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Thursday, September 24, 2015

My Favorite Tips for Painting Foregrounds

'A Moment of Silence'            9x12             pastel            ©Karen Margulis
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I am often asked about handling foregrounds in a painting. How do we paint an interesting foreground without putting in too much?  Working from photos makes it even more challenging. We see all of the grasses and 'stuff' so it is hard to know how much to simplify.
Foregrounds in a landscape can give me fits.  I don't want to make the foreground too busy and detailed  or it might stop viewers from moving beyond it.  I want to invite viewers into the painting.  In my hesitation to put too much stuff up front, I am often left with a big boring foreground area. How much is too much?  It is a dilemma. But I have a few tips!

  • Plan the foreground area. I try to visualize what I want to happen in the foreground. How will I break up a big empty space? How will I arrange the elements?  How can I use these elements to lead the viewer through the painting?  If I wait and try to wing it I don't have as much success than if I had an idea of how I will treat it.  I sometimes like to block in a path of dark that will get covered up but will subtly move the eye back into the distance. Water and pathways can be designed to lead the viewer into the painting.
  • Less is More when it comes to grasses and flowers and other bushy stuff. Keep in mind that our brains will fill in the missing pieces if we suggest just a few. A few blades of grass or flowers placed in the right places are more effective than worrying about putting in every blade of grass. Be mindful of where you plant things. Avoid putting in random flowers. Put them where they add to the painting. Place your grass blades carefully....every mark needs a purpose.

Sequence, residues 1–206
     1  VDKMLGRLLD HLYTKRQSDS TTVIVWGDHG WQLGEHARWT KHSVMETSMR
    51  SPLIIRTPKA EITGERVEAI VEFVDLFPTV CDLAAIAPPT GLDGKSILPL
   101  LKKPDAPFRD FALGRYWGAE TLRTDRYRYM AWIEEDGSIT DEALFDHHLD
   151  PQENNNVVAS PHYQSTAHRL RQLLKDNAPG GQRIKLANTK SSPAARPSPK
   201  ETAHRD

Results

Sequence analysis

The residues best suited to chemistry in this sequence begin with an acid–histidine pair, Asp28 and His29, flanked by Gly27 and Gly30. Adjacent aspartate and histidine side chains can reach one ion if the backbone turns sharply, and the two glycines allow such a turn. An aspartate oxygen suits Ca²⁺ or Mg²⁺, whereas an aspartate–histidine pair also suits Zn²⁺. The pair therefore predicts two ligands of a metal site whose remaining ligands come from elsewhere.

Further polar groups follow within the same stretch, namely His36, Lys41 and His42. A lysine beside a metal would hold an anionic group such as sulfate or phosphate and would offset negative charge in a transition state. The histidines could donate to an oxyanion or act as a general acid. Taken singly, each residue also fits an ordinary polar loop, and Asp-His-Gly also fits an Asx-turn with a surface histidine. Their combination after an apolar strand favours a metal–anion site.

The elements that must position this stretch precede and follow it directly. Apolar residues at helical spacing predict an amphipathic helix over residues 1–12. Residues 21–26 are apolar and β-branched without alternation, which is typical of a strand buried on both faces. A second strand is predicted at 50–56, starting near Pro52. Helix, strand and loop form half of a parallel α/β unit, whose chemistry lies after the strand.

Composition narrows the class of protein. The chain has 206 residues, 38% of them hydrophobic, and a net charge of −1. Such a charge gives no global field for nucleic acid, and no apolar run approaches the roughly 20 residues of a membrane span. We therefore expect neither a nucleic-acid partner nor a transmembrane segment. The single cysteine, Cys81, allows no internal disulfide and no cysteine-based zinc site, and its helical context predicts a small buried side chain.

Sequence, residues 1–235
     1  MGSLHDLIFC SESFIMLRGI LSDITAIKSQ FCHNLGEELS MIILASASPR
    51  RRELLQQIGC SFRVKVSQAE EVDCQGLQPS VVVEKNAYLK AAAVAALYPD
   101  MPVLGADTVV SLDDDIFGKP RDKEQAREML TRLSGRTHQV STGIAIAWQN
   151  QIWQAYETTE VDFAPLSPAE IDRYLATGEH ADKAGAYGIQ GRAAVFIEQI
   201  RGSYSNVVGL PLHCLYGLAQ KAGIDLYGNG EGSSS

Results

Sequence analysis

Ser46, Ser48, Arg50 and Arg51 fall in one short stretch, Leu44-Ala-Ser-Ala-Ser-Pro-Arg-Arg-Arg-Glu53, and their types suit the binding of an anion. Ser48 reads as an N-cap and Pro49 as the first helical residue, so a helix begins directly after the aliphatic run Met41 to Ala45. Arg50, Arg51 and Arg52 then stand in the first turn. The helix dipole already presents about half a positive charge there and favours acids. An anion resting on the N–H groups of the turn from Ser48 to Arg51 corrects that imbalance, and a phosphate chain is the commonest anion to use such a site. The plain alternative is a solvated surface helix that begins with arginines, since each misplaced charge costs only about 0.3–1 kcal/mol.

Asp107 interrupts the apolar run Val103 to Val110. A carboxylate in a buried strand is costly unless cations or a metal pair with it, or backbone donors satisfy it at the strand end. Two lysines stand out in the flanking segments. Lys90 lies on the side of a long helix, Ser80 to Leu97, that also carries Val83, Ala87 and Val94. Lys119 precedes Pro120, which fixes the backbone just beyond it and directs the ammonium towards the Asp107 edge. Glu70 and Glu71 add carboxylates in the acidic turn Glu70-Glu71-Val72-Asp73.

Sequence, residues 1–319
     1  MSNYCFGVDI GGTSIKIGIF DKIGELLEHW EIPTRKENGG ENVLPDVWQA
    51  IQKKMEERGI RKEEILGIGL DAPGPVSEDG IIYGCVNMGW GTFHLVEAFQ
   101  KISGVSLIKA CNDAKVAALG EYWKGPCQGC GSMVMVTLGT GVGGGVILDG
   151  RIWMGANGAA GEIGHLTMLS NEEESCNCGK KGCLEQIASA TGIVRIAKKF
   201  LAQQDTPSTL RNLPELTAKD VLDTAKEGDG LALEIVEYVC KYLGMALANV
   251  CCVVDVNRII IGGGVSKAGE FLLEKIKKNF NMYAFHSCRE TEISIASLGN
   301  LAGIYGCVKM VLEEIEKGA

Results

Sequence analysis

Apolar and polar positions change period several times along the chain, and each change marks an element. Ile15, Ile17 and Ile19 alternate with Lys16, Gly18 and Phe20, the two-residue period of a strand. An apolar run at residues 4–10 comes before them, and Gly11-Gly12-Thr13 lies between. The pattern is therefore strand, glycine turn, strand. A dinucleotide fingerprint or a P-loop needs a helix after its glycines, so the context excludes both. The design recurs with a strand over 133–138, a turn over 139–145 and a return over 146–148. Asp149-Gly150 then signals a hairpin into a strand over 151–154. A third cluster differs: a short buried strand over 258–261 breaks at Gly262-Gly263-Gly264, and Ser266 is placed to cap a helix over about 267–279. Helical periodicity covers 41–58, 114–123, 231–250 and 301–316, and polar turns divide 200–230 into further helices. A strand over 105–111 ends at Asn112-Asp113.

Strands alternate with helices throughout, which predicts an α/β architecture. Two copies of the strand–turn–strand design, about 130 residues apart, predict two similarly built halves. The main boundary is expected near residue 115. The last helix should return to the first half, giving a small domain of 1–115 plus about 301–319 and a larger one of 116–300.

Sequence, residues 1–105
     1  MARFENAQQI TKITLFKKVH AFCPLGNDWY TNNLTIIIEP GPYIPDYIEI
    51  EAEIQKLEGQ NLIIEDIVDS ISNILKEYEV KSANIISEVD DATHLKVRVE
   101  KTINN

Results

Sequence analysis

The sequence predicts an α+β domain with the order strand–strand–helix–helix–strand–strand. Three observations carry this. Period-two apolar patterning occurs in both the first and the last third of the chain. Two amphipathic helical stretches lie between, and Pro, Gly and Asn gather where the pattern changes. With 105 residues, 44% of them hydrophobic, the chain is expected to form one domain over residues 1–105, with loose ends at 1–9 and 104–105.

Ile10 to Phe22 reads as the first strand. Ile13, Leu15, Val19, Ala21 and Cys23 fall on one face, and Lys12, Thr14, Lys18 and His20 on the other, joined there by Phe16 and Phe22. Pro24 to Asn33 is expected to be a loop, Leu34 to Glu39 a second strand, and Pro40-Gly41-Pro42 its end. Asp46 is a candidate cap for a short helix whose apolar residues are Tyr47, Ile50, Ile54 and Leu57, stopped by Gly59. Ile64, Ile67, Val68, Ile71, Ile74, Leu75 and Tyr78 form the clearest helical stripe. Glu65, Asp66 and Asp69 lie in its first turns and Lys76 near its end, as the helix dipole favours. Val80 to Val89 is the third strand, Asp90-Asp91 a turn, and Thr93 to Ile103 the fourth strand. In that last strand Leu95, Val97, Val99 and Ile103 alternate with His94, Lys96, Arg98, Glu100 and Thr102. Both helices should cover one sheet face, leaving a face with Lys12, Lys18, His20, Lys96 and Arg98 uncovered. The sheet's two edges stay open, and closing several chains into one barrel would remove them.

• Let the underpainting do the work.  I love leaving the underpainting showing in the foreground. Letting this area stay a bit unfinished only helps to draw the eye into the inner part of the painting. The edges can be left unfinished.
  • Don't give up on a foreground that isn't working. Some of the foregrounds I am most pleased with come from the second or third attempt. If my foreground ends up too busy I will often brush it out or spray it with fixative or wet it and try again. This often gives me a textured look that suggests grassy stuff without having to paint them!  (I sprayed this demo with workable fixative)
Do you do anything special to deal with a boring foreground? I'd love to hear about it!

1 comment:

robertsloan2art said...

Oh this is wonderful!

I learned from Johannes Vloothuis to leave foregrounds a little vague and then one step into the painting to start creating detail. Your approach is fascinating! Funny about the random flowers. It feels as if I'm doing that but all the while, I'm aware of composition principles. I just don't verbalize them. I can see where they belong and put them in. It's like a distinct absence - needs violet flowers patch here, needs pinks at the edge of it, yellow way over here...

The other tip I got from Richard McKinley and that's using pointers. A single grass stem that leans or bends gracefully in toward the focal area, or along the path. Sometimes I place those deliberately and then add more "random" details until it "looks right."

It's personal process but I've never gotten used to brushing out, instead I tend to layer over - or leave it be and add something somewhere else that balances something that's not working. To me that feels like method - similar to the way that when I dance and get a back spasm, my next move will be a stretch that relieves it and I go on. I'm used to a sort of "play it as it lays" approach with almost everything, writing, dance, painting.

That habit made me good at finding the one detail that makes the stupid thing I just did shine and look great. While attempts at reworking look bad from lack of skill at reworking, moving forward without brushing out has saved everything I tried it on.